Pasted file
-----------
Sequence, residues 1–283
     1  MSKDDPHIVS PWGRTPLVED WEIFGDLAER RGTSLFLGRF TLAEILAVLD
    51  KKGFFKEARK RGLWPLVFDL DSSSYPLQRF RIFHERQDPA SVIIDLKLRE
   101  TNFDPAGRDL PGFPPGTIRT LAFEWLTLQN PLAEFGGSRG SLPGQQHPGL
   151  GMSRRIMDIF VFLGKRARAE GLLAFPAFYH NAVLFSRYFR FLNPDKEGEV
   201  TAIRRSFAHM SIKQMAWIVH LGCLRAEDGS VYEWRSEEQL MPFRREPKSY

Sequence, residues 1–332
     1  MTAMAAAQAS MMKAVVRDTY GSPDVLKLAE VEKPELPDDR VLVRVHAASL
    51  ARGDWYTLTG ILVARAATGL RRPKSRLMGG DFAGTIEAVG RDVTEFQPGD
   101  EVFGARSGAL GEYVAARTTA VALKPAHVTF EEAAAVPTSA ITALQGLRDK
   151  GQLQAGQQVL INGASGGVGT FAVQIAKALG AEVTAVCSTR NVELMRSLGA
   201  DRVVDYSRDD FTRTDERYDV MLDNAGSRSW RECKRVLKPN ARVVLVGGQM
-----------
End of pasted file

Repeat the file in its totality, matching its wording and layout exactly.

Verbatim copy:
Sequence, residues 1–283
     1  MSKDDPHIVS PWGRTPLVED WEIFGDLAER RGTSLFLGRF TLAEILAVLD
    51  KKGFFKEARK RGLWPLVFDL DSSSYPLQRF RIFHERQDPA SVIIDLKLRE
   101  TNFDPAGRDL PGFPPGTIRT LAFEWLTLQN PLAEFGGSRG SLPGQQHPGL
   151  GMSRRIMDIF VFLGKRARAE GLLAFPAFYH NAVLFSRYFR FLNPDKEGEV
   201  TAIRRSFAHM SIKQMAWIVH LGCLRAEDGS VYEWRSEEQL MPFRREPKSY

Sequence, residues 1–332
     1  MTAMAAAQAS MMKAVVRDTY GSPDVLKLAE VEKPELPDDR VLVRVHAASL
    51  ARGDWYTLTG ILVARAATGL RRPKSRLMGG DFAGTIEAVG RDVTEFQPGD
   101  EVFGARSGAL GEYVAARTTA VALKPAHVTF EEAAAVPTSA ITALQGLRDK
   151  GQLQAGQQVL INGASGGVGT FAVQIAKALG AEVTAVCSTR NVELMRSLGA
   201  DRVVDYSRDD FTRTDERYDV MLDNAGSRSW RECKRVLKPN ARVVLVGGQM